Isis Blake hasn’t fallen in love in three years, forty-three weeks, and two days. Or so she thinks.
The boy she maybe-sort-of-definitely loved and sort-of-maybe-definitely hated has dropped off the face of the planet in the face of tragedy, leaving a Jack Hunter–shaped hole. Determined to be happy, Isis fills it in with lies and puts on a brave smile for her new life at Ohio State University.
But the smile lasts only until he shows up. The menace from her past—her darkest secret, Nameless—is attending OSU right alongside her. And he’s whispering that he has something Isis wants—something she needs to see to move forward. To move on.
Isis has always been able to pretend everything is okay. But not anymore.
Isis Blake might be good at putting herself back together.
But Jack Hunter is better.
By far my favorite book in the series!!! While some of the plot felt contrived in the second book and it took me a while to warm up to both Jack and Isis in the first book, this one got everything right as far as I’m concerned. Isis was spunkier, which made her witty humor come across as more lovable and less defensive.
Still reeling from Sophia’s suicide, Isis leaves behind her mom and an opportunity at Stanford to got to Ohio State (THE Ohio State in case you’re from that area) University. She feels like a child in an adult world, which is exactly what she needs to grow up. she quickly befriends a couple of quirky characters before running into not one, but two ghosts from her past. Both Nameless and Jack turn her world upside down in different ways — ways that help her on her continued path to healing.
The main plot is the relationship between Jack and Isis, but Isis deals with her past with Nameless and her future. Jack has subplots involving his own demons as well as his employment with the mysterious Gregory. All of the loose ends from the previous two books are tied up neatly in a satisfying conclusion.
I love how much growth both characters experienced. They were so much easier to root for in this book. Isis is still snarky and Jack is still, well, Jack, but different. Isis’s self-deprecating humor and penchant for thinking out loud were more lighthearted and endearing than weird and dark. Jack comes into his own, and instead of being more mysterious, his actions make sense. He, too, is less dark and twisty. The new characters, Isis roommate and her girlfriend, contribute to the softer tone of this this installation that is more lovely than vicious.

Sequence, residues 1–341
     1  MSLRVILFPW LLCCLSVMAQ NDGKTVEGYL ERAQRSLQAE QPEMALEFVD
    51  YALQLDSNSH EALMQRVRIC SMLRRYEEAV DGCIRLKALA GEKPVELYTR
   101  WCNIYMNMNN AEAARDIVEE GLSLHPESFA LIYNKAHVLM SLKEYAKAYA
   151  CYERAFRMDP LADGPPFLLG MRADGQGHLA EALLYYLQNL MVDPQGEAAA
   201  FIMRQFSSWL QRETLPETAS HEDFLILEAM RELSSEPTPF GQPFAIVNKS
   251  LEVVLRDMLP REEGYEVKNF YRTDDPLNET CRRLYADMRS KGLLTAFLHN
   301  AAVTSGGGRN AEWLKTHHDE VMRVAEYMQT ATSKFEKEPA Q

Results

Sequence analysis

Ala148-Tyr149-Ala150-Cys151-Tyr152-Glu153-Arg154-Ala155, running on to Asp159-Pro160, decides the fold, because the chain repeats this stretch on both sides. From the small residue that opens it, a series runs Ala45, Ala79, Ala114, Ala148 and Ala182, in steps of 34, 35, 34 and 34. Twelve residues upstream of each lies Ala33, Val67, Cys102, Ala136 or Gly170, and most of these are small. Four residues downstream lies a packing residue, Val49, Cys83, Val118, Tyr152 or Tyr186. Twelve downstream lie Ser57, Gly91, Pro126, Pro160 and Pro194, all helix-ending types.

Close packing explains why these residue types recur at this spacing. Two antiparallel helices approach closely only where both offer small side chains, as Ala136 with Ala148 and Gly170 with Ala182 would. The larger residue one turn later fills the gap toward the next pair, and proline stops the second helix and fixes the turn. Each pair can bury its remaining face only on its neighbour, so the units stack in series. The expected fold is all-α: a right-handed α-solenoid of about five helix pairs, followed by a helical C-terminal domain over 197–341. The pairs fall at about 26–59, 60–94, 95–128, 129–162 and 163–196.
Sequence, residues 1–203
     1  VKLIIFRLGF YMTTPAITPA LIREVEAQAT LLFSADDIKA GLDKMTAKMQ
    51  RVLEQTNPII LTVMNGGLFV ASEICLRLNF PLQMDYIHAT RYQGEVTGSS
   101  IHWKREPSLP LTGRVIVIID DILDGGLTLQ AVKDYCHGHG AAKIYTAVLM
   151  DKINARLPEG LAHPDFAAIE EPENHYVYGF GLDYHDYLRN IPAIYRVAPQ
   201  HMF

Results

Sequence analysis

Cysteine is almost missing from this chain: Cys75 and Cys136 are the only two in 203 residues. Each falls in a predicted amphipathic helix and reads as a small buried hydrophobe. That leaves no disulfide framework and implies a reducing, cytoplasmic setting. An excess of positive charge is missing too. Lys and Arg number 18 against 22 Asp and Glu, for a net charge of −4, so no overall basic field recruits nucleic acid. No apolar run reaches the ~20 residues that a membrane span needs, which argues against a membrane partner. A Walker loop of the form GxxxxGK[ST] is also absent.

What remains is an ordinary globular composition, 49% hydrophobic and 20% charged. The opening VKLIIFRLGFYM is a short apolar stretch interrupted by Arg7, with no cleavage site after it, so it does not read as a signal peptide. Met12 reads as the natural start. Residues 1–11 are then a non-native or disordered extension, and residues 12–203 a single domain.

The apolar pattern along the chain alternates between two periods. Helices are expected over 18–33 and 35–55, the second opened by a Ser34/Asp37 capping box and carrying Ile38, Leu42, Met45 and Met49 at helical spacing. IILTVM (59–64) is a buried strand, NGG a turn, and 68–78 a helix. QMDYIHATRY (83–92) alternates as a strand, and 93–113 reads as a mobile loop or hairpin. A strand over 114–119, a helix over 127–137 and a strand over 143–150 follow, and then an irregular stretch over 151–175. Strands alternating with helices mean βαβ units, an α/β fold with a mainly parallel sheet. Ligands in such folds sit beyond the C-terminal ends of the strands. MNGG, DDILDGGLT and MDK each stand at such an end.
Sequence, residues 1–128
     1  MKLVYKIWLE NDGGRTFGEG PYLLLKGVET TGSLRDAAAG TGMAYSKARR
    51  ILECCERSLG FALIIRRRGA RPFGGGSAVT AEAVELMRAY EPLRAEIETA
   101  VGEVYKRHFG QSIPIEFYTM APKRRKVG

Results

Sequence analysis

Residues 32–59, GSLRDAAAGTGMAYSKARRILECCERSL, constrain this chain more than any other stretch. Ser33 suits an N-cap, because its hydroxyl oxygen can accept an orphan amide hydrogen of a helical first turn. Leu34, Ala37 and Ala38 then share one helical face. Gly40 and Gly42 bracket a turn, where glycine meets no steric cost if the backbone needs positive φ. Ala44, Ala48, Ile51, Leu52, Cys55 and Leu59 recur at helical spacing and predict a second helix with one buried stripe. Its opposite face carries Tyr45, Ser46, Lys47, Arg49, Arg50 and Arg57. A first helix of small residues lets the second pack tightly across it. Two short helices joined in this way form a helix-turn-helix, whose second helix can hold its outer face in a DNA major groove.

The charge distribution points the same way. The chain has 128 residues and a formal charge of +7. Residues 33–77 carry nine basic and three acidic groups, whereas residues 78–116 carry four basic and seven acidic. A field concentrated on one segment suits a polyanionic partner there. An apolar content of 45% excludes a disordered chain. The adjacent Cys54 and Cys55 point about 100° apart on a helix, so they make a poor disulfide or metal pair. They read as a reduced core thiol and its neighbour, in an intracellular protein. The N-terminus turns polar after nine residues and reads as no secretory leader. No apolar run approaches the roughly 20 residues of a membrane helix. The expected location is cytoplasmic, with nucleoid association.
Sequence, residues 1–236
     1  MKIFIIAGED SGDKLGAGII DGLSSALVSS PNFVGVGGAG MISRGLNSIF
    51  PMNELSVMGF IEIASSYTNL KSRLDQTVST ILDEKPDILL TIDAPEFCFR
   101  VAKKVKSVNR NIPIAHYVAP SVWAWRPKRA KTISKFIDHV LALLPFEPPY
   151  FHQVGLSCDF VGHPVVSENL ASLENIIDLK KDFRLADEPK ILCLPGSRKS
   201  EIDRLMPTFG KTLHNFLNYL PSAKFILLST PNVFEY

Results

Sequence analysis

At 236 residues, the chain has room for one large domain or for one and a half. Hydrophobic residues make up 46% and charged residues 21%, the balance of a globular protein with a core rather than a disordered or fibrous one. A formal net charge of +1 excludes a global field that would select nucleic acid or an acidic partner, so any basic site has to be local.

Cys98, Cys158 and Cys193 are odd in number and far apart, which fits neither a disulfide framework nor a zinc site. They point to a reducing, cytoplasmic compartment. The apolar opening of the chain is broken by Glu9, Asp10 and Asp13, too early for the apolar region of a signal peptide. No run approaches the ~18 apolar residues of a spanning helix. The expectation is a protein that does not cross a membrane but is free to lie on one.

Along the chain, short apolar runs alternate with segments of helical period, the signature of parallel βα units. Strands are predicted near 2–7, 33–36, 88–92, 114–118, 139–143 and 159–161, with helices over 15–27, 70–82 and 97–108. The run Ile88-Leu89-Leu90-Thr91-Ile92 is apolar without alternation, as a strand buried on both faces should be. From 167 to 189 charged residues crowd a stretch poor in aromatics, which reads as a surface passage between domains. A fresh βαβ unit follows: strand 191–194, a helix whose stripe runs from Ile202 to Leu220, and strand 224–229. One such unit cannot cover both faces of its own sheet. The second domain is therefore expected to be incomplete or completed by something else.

What I Loved About REMEMBER ME ALWAYS
1. Isis. Right out of the blocks, she was hilariously eccentric in that way only Isis can be.
2. Jack. He finally has his sh*t together and has become the boy, or man, Isis deserves.
3. Revenge. Without giving anything away, there is a scene with Unnamed at the end that makes the build up through three books worth it.
4. Gregory. I didn’t know what to make of him in the second book, but his personality is revealed in REMEMBER ME FOREVER in a way that makes all of his actions understandable.
5. The Ending. I love the way the author wrapped up this book and the series. It’s completely satisfying, although I will miss Jack and Isis terribly.
My favorite book in the series, it has a lighter tone and wraps up all the loose ends with characters I’ve grown to love.
I was provided with a copy of this book in exchange for an honest review.
About the Book
Title: REMEMBER ME FOREVER
Series: The Lovely Vicious #3
Author: Sara Wolf
Publisher: Entangled Teen
Category: Young Adult/New Adult Contemporary Romance
Rating: 5 out of 5 Stars
Links: Goodreads | Amazon | Amazon UK | Amazon CA | Barnes & Noble | iBooks | Kobo | Entangled
About the Author
Sara Wolf is a twenty-something author who adores baking, screaming at her cats, and screaming at herself while she types hilarious things.
When she was a kid, she was too busy eating dirt to write her first terrible book. Twenty years later, she picked up a keyboard and started mashing her fists on it and created the monster known as the Lovely Vicious series.
She lives in San Diego with two cats, a crippling-yet-refreshing sense of self-doubt, and not enough fruit tarts ever.
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